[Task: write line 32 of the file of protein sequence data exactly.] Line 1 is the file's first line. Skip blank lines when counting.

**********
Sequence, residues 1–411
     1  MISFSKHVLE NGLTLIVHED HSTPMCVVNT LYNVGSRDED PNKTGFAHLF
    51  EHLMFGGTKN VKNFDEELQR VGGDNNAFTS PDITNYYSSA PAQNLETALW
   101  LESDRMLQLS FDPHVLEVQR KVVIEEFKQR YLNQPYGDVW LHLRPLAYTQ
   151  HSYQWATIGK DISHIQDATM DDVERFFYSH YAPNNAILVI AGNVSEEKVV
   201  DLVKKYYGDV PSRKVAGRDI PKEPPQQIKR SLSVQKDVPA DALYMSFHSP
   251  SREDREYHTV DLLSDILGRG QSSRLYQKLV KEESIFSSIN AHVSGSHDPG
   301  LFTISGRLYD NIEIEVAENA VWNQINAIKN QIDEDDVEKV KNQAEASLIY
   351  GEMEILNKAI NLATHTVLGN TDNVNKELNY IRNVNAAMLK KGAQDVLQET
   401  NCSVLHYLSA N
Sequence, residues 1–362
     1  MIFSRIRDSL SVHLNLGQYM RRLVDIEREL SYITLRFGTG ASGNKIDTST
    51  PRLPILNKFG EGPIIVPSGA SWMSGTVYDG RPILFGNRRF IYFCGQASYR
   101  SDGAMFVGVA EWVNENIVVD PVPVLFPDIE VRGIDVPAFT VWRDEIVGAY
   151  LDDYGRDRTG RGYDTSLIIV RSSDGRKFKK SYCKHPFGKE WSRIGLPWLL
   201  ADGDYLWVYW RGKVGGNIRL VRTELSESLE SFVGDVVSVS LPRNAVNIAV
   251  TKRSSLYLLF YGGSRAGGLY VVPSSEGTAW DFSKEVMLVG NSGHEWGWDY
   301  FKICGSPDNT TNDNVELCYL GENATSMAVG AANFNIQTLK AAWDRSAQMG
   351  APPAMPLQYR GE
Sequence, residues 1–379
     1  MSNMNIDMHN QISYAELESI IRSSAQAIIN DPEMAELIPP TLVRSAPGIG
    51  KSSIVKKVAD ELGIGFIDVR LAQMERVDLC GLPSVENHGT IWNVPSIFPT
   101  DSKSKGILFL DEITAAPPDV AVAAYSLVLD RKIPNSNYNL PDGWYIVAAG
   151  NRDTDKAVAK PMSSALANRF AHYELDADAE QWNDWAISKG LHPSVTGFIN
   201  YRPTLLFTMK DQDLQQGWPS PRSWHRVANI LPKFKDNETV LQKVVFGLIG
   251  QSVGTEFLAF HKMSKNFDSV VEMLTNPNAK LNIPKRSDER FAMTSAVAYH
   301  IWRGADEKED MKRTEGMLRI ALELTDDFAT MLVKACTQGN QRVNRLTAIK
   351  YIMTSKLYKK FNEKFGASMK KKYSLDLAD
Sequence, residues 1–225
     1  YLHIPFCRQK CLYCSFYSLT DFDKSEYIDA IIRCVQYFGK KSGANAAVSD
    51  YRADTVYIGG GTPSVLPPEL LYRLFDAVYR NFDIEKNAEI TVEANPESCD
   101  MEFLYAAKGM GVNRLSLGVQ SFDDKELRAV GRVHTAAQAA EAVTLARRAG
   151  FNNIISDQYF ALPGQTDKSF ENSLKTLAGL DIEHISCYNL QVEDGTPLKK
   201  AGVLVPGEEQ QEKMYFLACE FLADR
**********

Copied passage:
   101  MEFLYAAKGM GVNRLSLGVQ SFDDKELRAV GRVHTAAQAA EAVTLARRAG